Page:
The DRC collaborates with students, faculty and the university community to facilitate the creation of accessible environments that support student learning and success. The DRC strives to empower students by providing services that are designed to foster student independence, self-determination, and disability pride.

The DRC offers a wide range of supportive services (not special education resources) so that eligible students with disabilities can access and participate in university programs and courses. Services are provided on a case-by-case basis and may include: note-taking services, testing accommodations, alternative media, assistive technologies, sign language interpreting or speech-to-text services, various other resources and referrals, faculty and staff consultation and workshops and presentations of various topics of interest to students with disabilities.

Questions about services or disability related issues should be directed to the DRC by phone at 702-895-0866, or by e-mail at drc@unlv.edu. The center is located on campus in the Reynolds Student Services Complex, Building A in Room 143.

NCAA Academic Services and Compliance

^ Top

This office works in conjunction with academic programs and team coaches to provide advising, tutoring, computer access, and other academic support services for UNLV’s 400+ intercollegiate athletes. Office staff may be contacted by telephone at 702-895-0668 or in person at the Flora Dungan Humanities Building, Room 422 (FDH 422).

Office of Veteran Services

^ Top



The Office of Veteran Services is located in the Donald W. Reynolds Student Services Complex, Building A, Third Floor, Room 311, and is open Monday through Friday, 8 am – 5 pm. (Phone: (702) 895-2290. Home page: unlv.edu/veterans)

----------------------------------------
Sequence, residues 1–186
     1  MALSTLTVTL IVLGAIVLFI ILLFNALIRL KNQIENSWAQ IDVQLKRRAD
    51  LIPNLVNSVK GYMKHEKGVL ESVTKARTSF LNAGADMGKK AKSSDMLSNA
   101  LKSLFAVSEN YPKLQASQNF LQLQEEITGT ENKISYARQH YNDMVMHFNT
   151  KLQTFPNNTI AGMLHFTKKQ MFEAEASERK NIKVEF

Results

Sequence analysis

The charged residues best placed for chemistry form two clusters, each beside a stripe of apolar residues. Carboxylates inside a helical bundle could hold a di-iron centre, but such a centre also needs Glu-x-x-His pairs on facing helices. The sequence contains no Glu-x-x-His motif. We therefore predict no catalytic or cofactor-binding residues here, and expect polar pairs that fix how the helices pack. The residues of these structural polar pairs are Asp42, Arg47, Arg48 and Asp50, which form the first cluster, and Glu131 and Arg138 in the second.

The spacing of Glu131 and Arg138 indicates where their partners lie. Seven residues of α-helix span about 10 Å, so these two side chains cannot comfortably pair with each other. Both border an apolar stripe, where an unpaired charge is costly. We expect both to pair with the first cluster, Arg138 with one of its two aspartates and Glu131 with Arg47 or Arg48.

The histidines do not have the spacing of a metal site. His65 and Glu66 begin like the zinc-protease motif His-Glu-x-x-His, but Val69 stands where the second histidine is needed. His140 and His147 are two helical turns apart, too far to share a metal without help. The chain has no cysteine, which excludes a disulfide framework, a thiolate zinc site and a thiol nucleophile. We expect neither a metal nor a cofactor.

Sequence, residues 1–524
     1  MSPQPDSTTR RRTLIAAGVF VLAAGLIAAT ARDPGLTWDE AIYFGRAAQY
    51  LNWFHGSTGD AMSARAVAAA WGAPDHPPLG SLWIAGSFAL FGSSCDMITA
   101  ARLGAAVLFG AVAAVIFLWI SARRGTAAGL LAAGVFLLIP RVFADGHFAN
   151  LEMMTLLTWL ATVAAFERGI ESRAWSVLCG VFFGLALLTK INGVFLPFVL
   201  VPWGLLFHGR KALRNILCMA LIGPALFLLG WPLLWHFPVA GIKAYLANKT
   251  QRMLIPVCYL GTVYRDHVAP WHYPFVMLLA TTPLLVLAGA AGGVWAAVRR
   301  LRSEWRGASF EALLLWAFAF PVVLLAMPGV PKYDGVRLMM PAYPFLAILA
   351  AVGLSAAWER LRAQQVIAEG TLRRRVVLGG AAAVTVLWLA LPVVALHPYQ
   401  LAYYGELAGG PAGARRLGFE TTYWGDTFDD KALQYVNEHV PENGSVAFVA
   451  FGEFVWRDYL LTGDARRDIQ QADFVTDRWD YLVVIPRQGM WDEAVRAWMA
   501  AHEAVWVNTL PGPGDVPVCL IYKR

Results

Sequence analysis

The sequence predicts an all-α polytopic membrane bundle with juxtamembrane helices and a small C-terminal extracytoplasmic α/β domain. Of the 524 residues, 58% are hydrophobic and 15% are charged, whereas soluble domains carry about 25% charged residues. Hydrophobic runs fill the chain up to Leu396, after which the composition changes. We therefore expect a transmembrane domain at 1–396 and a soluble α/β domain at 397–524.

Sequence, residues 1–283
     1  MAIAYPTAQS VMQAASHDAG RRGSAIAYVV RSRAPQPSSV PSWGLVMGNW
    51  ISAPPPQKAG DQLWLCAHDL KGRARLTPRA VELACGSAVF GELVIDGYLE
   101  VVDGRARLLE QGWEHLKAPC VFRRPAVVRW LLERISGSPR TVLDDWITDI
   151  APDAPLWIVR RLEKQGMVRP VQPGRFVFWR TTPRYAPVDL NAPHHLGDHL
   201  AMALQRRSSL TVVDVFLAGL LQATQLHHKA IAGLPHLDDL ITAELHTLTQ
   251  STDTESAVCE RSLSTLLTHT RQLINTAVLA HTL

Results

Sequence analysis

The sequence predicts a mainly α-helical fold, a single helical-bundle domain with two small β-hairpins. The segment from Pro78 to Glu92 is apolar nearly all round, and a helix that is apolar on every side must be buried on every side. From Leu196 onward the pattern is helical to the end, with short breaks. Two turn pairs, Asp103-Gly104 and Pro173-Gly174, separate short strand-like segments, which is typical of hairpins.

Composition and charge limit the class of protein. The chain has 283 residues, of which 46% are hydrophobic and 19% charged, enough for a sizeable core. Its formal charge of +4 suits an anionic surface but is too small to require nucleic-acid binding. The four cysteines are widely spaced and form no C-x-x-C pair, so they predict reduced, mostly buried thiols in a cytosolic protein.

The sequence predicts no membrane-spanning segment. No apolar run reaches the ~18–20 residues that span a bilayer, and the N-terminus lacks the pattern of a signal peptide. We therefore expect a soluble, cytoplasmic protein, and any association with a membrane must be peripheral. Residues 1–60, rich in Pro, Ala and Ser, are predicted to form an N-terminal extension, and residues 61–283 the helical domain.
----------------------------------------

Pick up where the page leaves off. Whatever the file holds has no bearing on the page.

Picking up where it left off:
In 2012, UNLV established the Office of Veteran Services to better serve our growing student veteran and military family community by developing a welcoming, veteran-friendly campus environment that fosters academic and personal success. We understand the many challenges related to pursuing a degree while serving on active duty, as well as the challenges associated with making the leap from the military to the civilian world. Working with the Student Veterans & Military Family Services Committee to meet these needs, the office is staffed with veterans and GI Bill-experienced staff to assist more than 1,200 veterans, dependents, active duty service members, National Guard members and reservists with answers to questions concerning admissions, GI Bill enrollment certification, financial aid resources, campus and community support services, local veteran discounted-housing programs and various networks for veteran employment opportunities.
The benefits of attending UNLV Las Vegas:

  • Nevada residency granted to all “honorably” discharged veterans within two years of separation
  • Priority registration for all veterans to expedite payment of their housing allowance
  • UNLV is ranked as a Top 15% “Veteran-Friendly” University (GIJOBS.COM 2011, 2012, 2013, 2014)
  • UNLV has a VetSuccess program with a VA Benefits Counselor on campus
  • UNLV is a Yellow Ribbon Fund participant
  • UNLV sponsors a nationally recognized Student Veteran Organization
  • VOCREHAB counselors come to UNLV to provide services
  • Las Vegas has a new VA Regional Hospital with state-of-the-art medical services
  • UNLV co-sponsors an annual Veteran Career Fair with local employers ready to hire you!

Certifying Services include:

  • Certifying students’ enrollment status to the Veterans Administration
  • Making referrals to the Veterans Administration regarding benefits questions
  • Providing the enrollment forms to be submitted each term, and related information
  • Educating our student veterans on challenges relating to any disruption in VA payment, changes in the program, and dropped or added courses
  • Providing key transition information for new and transferring students
  • Providing students with information about any changes in VA regulations

Office of International Students & Scholars (OISS)